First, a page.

FMC co-founder and Technologies Director Brian Zisk is busy gearing up for the next SanFranMusicTech Summit, which takes place at the Hotel Kabuki in San Francisco on May 18. SFMT brings together the best and brightest developers in the music/technology space, along with the artists, entrepreneurial business people, press, investors, service providers, and organizations who work with them at the convergence of culture and commerce.
Expect a wide variety of luminary entrepreneurs, developers, musicians, press, investors etc, from the Bay Area and around the world. Speakers include FMC’s Jean Cook and Kristin Thomson, Tim Westergren of Pandora, Zahavah Levine of YouTube, Dean Hudson of Sub Pop Records, and FMC advisory board members Josh Wattles (entertainment and copyright lawyer) and Jim Griffin (Choruss/Onehouse). And that’s just to name a few.
Panel topics range from “Monetization” to “Recording Studios of the Future,” and the event also offers CLE Credits and sessions geared to developers. There’s also a dinner gathering the night before, and — everyone’s favorite — a post-Summit cocktail party.
Brian says this will likely be the only SFMT Summit in 2009, so you definitely won’t want to miss it. Prices go up on April 20th, and again at the end of April, but for the FMC faithful, Brian is offering a discount code “fmc” which will bring the ticket price down 20 percent. He looks very much forward to seeing some of you there!
Head to the official website for more information and to register.
Here’s something for your RSS feed and/or bookmarks folder: Slim Moon — founder of the indie label Kill Rock Stars and FMC advisory board member — has a new column at the megablog The Daily Swarm called “Ask Slim Moon.” Which means you can think up a question, and, if the oracle that is Slim favors your query, he’ll answer it before the entire internets. Sounds fun, doesn’t it? Head here to check it out.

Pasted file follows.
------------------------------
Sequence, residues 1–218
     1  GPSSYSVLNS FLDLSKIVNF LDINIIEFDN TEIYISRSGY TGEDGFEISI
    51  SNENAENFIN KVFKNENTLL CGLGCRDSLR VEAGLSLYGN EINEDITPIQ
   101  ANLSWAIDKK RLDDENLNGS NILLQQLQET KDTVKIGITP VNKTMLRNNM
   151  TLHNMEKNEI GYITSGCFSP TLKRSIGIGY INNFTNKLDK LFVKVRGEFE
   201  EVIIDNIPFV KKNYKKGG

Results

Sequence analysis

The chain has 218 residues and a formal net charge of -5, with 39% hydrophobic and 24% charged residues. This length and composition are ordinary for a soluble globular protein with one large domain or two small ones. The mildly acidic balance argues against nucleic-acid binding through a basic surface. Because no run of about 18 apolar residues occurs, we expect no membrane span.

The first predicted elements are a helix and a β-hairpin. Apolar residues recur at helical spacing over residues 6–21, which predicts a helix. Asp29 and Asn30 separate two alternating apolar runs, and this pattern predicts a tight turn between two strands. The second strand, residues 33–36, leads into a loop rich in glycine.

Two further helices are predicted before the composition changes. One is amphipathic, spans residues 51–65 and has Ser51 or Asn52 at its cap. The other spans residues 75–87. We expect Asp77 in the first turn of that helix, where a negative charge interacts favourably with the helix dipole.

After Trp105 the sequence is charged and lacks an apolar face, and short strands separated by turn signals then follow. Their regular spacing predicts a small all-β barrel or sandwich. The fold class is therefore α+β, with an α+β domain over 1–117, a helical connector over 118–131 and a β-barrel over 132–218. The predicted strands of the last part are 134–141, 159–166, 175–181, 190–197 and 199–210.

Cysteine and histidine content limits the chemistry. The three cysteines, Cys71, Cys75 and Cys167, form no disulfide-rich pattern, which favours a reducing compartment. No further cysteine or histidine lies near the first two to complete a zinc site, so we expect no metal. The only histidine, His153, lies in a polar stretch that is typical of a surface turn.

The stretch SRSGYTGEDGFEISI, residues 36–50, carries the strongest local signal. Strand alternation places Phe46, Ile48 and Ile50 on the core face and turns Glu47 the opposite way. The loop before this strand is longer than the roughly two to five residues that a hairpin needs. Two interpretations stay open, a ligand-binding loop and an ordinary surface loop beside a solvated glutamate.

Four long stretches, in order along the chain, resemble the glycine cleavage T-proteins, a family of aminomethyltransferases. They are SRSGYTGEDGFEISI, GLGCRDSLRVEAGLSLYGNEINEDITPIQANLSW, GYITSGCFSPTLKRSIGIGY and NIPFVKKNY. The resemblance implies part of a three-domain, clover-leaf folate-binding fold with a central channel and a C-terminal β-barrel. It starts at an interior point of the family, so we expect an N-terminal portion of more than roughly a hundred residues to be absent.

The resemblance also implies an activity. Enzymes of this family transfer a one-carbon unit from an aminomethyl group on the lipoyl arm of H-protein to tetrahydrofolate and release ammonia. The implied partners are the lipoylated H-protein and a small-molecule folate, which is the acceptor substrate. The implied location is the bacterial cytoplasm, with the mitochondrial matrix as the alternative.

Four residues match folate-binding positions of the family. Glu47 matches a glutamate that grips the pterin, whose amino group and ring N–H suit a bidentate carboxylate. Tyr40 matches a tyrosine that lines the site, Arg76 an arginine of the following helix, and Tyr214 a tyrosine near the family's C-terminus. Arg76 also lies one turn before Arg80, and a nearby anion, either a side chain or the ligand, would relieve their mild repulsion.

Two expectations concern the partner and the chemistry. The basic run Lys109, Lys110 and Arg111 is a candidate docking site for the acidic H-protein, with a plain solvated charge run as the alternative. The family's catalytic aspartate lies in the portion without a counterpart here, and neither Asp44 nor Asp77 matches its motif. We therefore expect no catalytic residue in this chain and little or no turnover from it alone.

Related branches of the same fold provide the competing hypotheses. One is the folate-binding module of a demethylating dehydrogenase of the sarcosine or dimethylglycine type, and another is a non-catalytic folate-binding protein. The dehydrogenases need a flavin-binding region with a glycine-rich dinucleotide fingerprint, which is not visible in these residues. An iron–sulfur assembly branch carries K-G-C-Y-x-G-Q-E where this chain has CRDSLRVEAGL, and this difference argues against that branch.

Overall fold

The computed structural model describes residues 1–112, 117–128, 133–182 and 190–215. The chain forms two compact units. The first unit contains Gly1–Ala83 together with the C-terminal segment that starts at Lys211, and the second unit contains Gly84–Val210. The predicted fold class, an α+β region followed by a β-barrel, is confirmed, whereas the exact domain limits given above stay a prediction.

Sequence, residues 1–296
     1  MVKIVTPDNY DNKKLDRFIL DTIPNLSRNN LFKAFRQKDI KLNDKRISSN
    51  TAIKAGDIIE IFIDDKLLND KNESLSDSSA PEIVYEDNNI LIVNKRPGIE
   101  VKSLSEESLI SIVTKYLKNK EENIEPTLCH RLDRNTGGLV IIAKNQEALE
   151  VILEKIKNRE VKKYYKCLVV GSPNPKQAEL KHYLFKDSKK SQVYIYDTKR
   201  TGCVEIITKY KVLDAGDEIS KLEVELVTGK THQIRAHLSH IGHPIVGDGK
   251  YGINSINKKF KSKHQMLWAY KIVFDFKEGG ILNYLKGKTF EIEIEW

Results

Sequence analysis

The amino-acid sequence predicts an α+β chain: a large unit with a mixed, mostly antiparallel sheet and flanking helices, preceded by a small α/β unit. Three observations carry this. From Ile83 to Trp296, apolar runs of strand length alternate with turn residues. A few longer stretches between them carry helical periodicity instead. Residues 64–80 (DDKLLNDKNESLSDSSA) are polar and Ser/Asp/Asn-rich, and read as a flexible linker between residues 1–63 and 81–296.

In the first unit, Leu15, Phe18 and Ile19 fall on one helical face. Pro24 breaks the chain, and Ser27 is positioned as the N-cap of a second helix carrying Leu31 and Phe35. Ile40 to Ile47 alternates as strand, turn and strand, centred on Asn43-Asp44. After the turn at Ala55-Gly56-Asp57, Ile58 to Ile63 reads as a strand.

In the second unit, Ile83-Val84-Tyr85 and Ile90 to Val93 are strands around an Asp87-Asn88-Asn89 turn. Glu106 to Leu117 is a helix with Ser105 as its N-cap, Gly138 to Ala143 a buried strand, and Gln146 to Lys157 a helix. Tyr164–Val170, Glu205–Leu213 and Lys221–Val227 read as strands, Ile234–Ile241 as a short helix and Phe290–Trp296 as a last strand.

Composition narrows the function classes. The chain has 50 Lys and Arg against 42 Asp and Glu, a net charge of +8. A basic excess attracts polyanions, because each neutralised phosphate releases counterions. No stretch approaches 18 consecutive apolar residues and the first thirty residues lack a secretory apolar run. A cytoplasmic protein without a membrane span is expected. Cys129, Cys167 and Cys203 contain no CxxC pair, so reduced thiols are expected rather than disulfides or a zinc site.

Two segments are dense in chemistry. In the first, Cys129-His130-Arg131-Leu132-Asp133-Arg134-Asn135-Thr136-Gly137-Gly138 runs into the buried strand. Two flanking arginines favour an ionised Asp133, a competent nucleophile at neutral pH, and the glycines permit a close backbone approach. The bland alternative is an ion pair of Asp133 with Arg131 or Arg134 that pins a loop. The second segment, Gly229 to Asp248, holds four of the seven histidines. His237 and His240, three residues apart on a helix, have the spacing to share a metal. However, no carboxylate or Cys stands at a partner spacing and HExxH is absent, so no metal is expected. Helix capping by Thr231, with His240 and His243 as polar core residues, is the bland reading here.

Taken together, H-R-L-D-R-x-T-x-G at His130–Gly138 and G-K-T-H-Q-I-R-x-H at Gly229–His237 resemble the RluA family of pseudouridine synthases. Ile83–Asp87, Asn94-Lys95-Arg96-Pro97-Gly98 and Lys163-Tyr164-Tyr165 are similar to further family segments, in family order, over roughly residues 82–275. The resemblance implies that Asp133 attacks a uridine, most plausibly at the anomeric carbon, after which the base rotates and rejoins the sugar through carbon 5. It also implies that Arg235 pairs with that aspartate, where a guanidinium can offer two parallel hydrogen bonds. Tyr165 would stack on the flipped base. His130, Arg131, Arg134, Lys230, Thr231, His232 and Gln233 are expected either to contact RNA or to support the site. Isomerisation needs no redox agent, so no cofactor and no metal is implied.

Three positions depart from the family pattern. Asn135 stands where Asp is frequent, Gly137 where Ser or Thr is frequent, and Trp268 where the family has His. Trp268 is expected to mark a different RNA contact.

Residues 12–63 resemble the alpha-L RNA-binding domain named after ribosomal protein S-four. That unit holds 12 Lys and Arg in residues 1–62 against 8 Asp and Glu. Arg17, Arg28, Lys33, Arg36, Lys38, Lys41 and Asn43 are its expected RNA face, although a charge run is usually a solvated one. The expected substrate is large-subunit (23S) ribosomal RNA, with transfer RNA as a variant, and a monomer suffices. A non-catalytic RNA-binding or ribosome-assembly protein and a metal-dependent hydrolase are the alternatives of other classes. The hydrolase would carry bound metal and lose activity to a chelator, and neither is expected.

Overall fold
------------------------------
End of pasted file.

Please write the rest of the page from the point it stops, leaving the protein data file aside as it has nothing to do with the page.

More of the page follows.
It seems like right before and right after Austin’s South By Southwest conference all you hear about is, well, SXSW. So we’ll keep it short. FMC’s Jean Cook set some sort of record, rocking the violin at 9 different shows in three days and super-genius FMC associates participated in super-brilliant panels. Check out this blog post for the deets.
On March 27, FMC co-founder and General Counsel Walter McDonough appeared at Berklee College of Music’s Music and Entertainment Industry Educators Association Conference. Walter spoke on a panel called “Marketing and Distribution in a Digital World,” alongside Storm Gloor, Andrea Johnson and FMC advisory board members Ian Rogers and Jim Griffin. You can check out a recap at the Topspin Media blog.
Yes, you read that right. FMC is currently hiring for two positions: International Project Fellow and freelance Event Sponsorship Coordinator. For the Int’l Fellow position, we’re looking for individuals to work in 5+ month terms and help research and interview musicians and music business people from around the world. Duties include research on musicians, regions, businesses; logistics coordination for interviews and international trips; coordinating and organizing interview transcripts. Depending on skills, experience level, and needs of the project/timing, fellows may also conduct interviews and/or travel with team as road/logistics manager on a trip and/or participate in report writing. The Sponsorship Coordinator will assist us in researching sponsorship opportunities and approaching potential sponsors for a music/law/technology/policy event in fall 2009. For more information on both of these opportunities and to apply, head to our Jobs page.